He dwelt upon the idea with irritable suspense, now and again starting violently, as if he truly harbored the fancied impulse that he sought to restrain. A stir without, the approach of a real danger, nullified this terror of the nerves. The dead leaves rustled. A step — the wind ? He lay motionless, hardly daring to breathe. It came again, and presently a crunching sound and a snarl. He experienced momentary relief : some wild thing was gnawing the bones and bits of meat flung out into the yard, for the prospectors had not been careful housekeepers. He had often heard this as he chanced to wake at night, but now he reflected that the door must be ajar, — a touch would open it; and with his wounds and fever and helplessness he was at the mercy of the wild beasts. He reached out his hand to make sure that the revolver was beside him. In touching it his confidence was restored in some sort, yet in this environment he could not sleep, despite the drowsy influences of weakness and fever. The repulsion of it even in a measure dominated delirium. Sometimes he would hear his voice break forth incoherently upon the air; then subdue himself to silence to listen to the jaws of the startled beast, once more at work upon the bones.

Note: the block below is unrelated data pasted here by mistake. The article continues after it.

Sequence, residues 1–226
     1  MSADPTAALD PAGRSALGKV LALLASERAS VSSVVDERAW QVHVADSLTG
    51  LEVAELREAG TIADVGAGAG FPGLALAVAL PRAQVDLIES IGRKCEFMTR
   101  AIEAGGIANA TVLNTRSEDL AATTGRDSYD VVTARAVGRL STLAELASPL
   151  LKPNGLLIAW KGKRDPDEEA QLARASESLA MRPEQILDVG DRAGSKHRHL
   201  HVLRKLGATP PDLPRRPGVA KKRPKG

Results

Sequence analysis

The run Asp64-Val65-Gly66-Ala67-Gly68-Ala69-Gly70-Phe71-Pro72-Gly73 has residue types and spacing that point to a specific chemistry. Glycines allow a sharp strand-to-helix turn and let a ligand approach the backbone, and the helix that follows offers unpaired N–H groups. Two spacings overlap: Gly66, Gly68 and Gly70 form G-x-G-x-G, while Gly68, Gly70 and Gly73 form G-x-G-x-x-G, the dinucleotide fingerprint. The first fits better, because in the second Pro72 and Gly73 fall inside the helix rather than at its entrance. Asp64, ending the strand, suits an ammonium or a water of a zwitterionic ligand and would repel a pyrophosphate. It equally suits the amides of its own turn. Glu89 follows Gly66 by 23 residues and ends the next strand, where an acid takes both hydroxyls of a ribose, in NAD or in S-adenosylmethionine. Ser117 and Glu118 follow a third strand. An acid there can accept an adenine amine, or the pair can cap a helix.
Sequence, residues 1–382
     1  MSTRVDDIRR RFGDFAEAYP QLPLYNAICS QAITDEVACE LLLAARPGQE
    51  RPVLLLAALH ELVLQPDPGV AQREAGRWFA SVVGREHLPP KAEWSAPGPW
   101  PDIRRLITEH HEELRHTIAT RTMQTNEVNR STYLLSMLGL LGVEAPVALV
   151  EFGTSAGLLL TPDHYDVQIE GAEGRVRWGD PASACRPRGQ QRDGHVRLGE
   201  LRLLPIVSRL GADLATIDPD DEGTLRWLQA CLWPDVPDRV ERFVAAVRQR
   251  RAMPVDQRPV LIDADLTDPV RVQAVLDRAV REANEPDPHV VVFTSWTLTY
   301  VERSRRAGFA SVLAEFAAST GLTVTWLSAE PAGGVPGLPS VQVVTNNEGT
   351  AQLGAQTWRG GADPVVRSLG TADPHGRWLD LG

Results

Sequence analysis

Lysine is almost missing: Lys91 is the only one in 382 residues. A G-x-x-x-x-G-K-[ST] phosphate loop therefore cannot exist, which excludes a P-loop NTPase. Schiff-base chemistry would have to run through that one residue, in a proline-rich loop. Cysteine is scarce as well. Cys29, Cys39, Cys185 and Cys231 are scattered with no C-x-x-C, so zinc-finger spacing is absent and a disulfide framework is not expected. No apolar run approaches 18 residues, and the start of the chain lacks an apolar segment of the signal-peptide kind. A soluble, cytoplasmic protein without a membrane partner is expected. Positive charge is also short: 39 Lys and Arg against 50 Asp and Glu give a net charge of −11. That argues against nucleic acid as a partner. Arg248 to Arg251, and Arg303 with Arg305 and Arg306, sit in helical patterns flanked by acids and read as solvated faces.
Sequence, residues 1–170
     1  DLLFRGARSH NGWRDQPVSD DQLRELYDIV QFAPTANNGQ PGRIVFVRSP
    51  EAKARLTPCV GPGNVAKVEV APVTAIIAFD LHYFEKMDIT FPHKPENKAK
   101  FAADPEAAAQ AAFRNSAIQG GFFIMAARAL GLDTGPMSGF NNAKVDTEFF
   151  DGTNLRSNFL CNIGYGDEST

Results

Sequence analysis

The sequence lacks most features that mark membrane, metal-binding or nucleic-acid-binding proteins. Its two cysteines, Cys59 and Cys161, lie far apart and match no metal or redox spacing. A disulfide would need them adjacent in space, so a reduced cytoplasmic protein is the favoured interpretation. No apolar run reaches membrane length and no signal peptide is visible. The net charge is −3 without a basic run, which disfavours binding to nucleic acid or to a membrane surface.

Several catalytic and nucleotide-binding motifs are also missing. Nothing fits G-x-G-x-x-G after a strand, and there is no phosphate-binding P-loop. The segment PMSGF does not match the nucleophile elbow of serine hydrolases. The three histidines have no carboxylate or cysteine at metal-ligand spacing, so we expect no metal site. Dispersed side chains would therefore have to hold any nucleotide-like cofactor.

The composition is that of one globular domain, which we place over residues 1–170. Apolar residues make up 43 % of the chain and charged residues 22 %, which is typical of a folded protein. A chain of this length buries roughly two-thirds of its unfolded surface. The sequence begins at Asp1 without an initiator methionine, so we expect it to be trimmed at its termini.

Toward midnight the moon rose. Through the rift in the batten shutter the melancholy golden bars struck across the floor. The scene within, so hateful to his eyes, revived from the encompassing gloom, — the few chairs, the overturned table, the great, wide, vacant hearth, his long figure stretched at length amongst the rigid, blood-stiffened folds of the rug, and the untouched pallet of the fugitive. And later, down the broad shaft of the stick-and-clay chimney the clear lustre burned amid the fireless gray ashes, all gleaming white. No sound from without now, and the wind was laid. Here all solitary, save for the moon. As the reminiscent, meditative mood that comes in her train drowsed down with quiescent influence upon his senses, he wondered vaguely that he should think of the great golden disk, waning and yellow, as it looked when it hung above the pines without, and silvered the frosted grasses of the great bare dome of the mountain, and made the vast spaces of the sky blue with that fine deep tint of the lunar nights; not as it had looked elsewhere, in foreign lands, or shimmering in deep sea waters, or in the grotesque incongruity of its melancholy and its poetry over the sordid streets of cities, — only here, where it seemed native. And it was not the faces of those that he had known in that wider life of his, conventional, comfortable, eventless, that came to him; he seemed discarded by the past, an alien to the future. He could only think of the days just at hand, and of those who had walked through them, and his heart was bitter against them all, — all except Marcella. And somehow, with her face in his mind, and her name forming itself on his lips, he fell asleep in the silence of the dull gray dawn and the fading glamours of the yellow moon.